Hypnosis can and does create "amnesia" -- even in the long term, on occasion. It's certainly possible. However, when a hypnotist has a subject forget their name, there is no active desire to remember complicating things. Even when shitbags like Michael Fine use hypnotic amnesia to get people to forget things they would very much like to remember, if they don't realize it at the time it makes his job much easier -- though it's worth noting that the only reason we know about this case is because reality collided with the lack of memory in the presence of a drive to remember, and that tore his work apart.

Simple and straight forward attempts to create hypnotic amnesia don't tend to work when the subject requests it, because people don't tend to request help forgetting things that don't strike them as important. People tend to request hypnotic amnesia when they are suffering from remembering, think remembering is doing more harm than good, and want out. In these cases, the problem is presenting as too much drive to remember, so simply suggesting "When I snap my fingers you will no longer remember" doesn't tend to work.

In order to forget, you first have to deal with that drive to remember in one way or another. One way is to go through the process of sorting the important lessons from the memory until your brain no longer sees the memory of the event itself as meaningful or important to keep around. If for some reason I wanted to forget what I had seen there's no longer a big difficulty in the way because the memory itself no longer as this big intimidating aura of bad meaning around it. However, it also means that I no longer have any motivation to forget, so it's not like amnesia is a helpful solution via that path.

The other way is to do a thorough job examining all the ins and outs of forgetting so that your brain recognizes that remembering is actually worse than forgetting, and retracts the drive to remember so long as that is the case. It means going through in detail and feeling/appreciating what you're giving up so that your brain can see it weigh it as "worth it" -- a process which is cut short by needing out. As a general rule, all of the hard work is in setting the stage like this, and the actual "hypnotic suggestion" is nothing but a formality -- since by the time you recognize that you don't actually want to remember and have no drive to remember, it's not really any harder than remembering not to do all the other thing you don't want to do. I really do think can be done and would be helpful in the proper context, and I've gotten fairly close with a client once, but he ended up changing his mind once we got to the point where he could actually act on that decision and forget or remember.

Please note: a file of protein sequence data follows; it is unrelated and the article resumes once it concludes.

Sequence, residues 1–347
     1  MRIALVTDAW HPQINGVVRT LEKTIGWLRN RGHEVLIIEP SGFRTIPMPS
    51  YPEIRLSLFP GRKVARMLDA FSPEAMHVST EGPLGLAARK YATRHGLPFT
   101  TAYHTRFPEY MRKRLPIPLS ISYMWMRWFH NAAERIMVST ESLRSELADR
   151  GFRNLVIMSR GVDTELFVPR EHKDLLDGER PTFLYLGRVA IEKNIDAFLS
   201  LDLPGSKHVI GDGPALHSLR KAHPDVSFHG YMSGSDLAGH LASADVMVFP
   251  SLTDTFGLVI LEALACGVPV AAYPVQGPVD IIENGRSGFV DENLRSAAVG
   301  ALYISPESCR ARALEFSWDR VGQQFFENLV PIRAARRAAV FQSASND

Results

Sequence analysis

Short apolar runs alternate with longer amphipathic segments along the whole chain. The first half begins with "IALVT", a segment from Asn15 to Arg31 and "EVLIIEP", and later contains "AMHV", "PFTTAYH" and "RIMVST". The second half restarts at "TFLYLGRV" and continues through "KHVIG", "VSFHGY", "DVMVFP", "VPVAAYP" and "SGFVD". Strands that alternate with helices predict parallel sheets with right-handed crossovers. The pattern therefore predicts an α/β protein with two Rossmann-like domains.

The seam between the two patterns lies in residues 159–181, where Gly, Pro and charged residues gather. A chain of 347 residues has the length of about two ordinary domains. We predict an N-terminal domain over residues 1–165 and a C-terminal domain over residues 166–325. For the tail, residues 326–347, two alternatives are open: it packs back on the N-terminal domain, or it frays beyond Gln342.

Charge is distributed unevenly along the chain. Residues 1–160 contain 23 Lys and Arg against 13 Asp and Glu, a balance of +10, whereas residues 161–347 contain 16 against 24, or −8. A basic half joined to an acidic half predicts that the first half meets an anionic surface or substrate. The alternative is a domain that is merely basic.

The trick is in finding someone who has the perspective needed to guide you through all this. If you want to go the longer (but more thoroughly beneficial) route of integrating all the information from the trauma, there are some therapists out there who know how to guide people through that well (And also many more who don't. Sturgeon's law, and all that). If you think that this is too much, and you need a break from remembering, that requires a hypnotist who both sees the difficulty (and danger!) of forgetting and also sees the potential for it to be the right call -- at least temporarily, and at least when properly qualified. There are plenty of amateur hypnotists who fail to see the problem in the first place, and plenty of professional hypnotists who see the problem but fail to see any solution other than the long thorough way that doesn't involve amnesia. I haven't seen a whole lot of people who see both simultaneously, so you're likely going to struggle to find someone who can help you in this way.